Defense gyros and guidance systems, have evolved rapidly  with the development of solid state electronics. MEMs, (microelectromechanical systems), have  provided more accurate and less vibration sensitive methods for controlling device attitude in space  and travel. A family of highly accurate ring laser gyros, (RLGs) that use light wave phase shifting for  position references, still fills much of the industry but do not fit as well in today’s rapid shift to  higher speeds, lower weight, smaller diameter devices. The smaller solid state MEMs gyros employ  non-moving electromagnetic ring-reference points sensing inductive or capacitive charge levels that  feed the positioning circuit and control the instrument in flight. Manufacturers of these devices have  significantly improved gyro performance through wide range of temperatures experienced in high  altitude and space travel as well provided systems less sensitive to vibration and shock. Similarly,  inertial guidance systems for ballistic systems use high density, electronic systems that reduce the need  for optical and heat sensors sweeping the sky for target detection and tracking. As phased array  signal transmission and reception methods are developing the front end controls for missiles and  drones are smaller, more accurate and also less sensitive to shock and vibration. Highly miniaturized  cable and connector systems designed for extreme temperature and vibration are designed specifically  to serve these systems. Planning for the high speed data rate and directional corrections needed  require the best of miniature signal integrity interconnects.

Military Robotics, are often used in remote battle  situations in an ever widening array to analyze, predict, report and deliver. Many of the ground robotic connectors  for military and aerospace applications require the combination of low weight and extreme  reliability when exposed to shock and vibration. Special pin and socket systems using spring beryllium copper  or twisted steel are used to retain constant contact during these events. In addition, each  pin/socket set must be plated with nickel and then gold to help retain contact reliability over long  exposures. Test specifications are defined to qualify and insure reliable performance. In addition,  many applications will require metal back shells and braided metal shielding over the cable to prevent  both damage and EMI, (electromagnetic interference shielding). As signal speeds increase and as more electronic  packages are crammed into tighter spaces, this is becoming more and more critical.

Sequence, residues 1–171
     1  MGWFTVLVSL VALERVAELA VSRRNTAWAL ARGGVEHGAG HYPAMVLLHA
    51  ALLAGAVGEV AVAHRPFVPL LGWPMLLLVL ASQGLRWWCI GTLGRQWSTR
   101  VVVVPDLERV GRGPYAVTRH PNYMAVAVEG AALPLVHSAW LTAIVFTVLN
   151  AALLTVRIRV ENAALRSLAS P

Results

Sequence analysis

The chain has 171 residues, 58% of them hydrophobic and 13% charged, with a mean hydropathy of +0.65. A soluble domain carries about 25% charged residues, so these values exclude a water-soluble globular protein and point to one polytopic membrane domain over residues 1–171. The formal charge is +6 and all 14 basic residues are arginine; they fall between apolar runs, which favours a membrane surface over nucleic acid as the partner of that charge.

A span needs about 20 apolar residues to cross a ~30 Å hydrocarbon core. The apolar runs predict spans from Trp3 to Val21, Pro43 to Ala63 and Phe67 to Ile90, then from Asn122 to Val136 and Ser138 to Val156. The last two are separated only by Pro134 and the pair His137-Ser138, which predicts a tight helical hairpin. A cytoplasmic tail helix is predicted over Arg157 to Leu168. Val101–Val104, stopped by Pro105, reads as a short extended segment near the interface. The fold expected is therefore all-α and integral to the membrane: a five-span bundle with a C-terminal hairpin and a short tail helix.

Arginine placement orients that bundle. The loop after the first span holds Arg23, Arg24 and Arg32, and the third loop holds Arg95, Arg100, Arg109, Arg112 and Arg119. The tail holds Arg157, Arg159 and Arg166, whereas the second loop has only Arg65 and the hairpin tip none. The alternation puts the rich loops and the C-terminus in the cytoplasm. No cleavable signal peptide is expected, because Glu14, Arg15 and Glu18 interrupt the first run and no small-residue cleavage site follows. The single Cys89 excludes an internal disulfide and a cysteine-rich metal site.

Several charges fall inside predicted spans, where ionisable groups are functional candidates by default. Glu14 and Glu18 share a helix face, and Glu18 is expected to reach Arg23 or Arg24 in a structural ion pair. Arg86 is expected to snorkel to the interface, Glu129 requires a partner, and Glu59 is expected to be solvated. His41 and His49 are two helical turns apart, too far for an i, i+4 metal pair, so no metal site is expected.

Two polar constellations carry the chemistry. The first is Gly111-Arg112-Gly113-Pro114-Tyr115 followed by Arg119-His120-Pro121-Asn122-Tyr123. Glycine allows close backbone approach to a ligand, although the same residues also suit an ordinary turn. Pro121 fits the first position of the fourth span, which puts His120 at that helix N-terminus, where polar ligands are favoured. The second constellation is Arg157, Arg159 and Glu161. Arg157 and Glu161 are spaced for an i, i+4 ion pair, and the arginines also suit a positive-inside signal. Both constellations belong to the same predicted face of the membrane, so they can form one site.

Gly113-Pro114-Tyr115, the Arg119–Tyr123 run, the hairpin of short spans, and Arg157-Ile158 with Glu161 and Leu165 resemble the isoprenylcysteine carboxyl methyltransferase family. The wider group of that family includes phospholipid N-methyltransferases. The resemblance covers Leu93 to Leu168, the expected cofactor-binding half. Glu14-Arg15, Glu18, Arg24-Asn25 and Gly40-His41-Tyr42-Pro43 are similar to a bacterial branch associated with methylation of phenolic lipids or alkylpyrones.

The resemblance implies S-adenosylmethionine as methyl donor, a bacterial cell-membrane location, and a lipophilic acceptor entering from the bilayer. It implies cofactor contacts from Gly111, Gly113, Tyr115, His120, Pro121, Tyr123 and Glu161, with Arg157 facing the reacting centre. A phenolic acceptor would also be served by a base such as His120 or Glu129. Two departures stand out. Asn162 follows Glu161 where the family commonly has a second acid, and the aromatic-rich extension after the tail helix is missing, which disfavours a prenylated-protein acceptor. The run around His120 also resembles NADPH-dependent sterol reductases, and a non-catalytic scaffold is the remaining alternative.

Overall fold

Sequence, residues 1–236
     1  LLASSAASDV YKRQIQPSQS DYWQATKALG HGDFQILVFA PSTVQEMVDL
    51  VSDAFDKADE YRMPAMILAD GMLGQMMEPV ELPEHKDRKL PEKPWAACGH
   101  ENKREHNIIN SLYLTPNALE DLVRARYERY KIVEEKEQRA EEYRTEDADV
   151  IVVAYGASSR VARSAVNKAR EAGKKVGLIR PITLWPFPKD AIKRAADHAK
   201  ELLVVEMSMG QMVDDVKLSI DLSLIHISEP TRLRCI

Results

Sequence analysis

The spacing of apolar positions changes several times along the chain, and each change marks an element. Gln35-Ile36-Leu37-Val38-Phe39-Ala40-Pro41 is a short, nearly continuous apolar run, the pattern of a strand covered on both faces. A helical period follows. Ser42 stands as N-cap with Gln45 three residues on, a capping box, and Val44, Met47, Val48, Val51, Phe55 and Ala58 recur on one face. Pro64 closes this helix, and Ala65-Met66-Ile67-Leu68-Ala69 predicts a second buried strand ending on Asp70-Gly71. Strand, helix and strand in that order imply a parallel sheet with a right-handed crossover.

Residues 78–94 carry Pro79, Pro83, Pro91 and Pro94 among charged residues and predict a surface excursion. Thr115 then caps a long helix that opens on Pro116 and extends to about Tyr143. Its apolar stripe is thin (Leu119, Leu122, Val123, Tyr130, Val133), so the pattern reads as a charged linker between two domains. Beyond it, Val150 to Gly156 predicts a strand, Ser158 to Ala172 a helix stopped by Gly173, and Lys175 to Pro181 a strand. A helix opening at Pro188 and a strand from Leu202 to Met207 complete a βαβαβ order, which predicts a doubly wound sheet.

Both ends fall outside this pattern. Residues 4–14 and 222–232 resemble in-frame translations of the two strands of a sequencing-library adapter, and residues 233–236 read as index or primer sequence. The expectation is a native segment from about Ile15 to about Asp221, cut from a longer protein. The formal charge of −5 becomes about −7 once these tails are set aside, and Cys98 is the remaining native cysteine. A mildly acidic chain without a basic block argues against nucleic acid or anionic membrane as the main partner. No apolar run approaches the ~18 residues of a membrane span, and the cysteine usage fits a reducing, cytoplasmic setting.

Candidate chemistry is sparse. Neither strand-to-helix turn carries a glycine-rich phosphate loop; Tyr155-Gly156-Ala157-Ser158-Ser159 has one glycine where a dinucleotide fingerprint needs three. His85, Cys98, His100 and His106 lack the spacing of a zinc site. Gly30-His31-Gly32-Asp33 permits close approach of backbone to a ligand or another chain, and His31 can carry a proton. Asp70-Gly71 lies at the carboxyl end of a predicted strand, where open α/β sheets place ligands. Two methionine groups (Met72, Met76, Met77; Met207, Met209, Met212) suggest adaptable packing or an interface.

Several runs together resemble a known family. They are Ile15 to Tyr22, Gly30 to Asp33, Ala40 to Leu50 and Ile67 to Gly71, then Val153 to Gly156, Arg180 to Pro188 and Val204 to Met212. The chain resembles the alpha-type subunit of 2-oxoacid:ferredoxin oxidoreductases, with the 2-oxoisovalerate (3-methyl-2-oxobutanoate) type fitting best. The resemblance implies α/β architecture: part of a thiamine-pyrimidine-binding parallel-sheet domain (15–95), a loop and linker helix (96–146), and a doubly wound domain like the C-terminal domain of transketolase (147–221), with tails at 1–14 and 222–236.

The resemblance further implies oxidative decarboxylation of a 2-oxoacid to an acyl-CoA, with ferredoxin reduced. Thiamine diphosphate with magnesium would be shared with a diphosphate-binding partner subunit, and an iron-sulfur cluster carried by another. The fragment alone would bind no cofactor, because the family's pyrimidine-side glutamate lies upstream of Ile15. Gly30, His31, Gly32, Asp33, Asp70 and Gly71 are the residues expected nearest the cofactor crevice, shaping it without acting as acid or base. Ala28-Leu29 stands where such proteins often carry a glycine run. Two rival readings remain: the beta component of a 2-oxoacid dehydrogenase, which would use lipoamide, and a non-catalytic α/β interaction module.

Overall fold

Adapting today’s connectors to new military and aerospace  requirements has become serious process that goes beyond our older “quote-a-spec” method of  the past. As seen in the wide range of applications above, one connector design, size and shape  does not fit all! More often, the designer must review the combined details of electronics, mechanical  use and survival to adapt connectors to fit and perform in a more advanced technology. Requirements vary  from mobile instruments, ground troop electronics and even military space systems. This process of  configuring connectors to application specific functions, often begins with a review of the equipment it  will be applied to. Standard and COTs connectors can be considered and analyzed to find a  close fit to the new application. During early stages of design, COTs connectors can be used in  prototype circuits and save time and cost of development. There are significant advantages when the COTs  or even small changes to the COTs connectors will suffice. Connectors with previous military  quality of materials and processes can shorten the design cycle time and give early expectations of  longer life and performance. When changes in shape or size, are required, a solid model of the  new design can be quickly completed by the connector supplier and sent to the system design  team. This can begin an on-line work session that also helps to get the design right early in the  process. After design completion, connector fabrication can be transferred directly to smart tooling  machines.

Planning for the cable as signal speeds increase, can be  very critical. Higher speed differential signal processing pushes the limits of standard cables in our  industry. Signal length, attenuation, and skew of differential signals must all be planned, prescribed and  attended to in the cable design. In the past, we planned for the resistance and potential cross-talk  of signals within a cable. Now, we must prepare for high speed  differential electron propagation delays,  inductive reactance and learn new ways to prepare and test the cable before it is attached to the  connector. Some methods are evolving by use of TDRs,(time delay reflection) instruments and or by  sending complete signals down the new cable and reviewing eye diagrams that exhibit noise, jitter  and skew of the signal as it actually runs through the cable.

Final electrical and mechanical testing can assure good  performance of the completely assembled connector to the cable harness. Field-proof testing and  certification, will require building enough of the products to run the group through combinations of  mechanical, environmental and signal integrity performance. Shipping new cable and connectors for military  equipment has become a detailed and important step. The supplier must remain critically  aware of the many new expectations of the connector systems of today and tomorrow.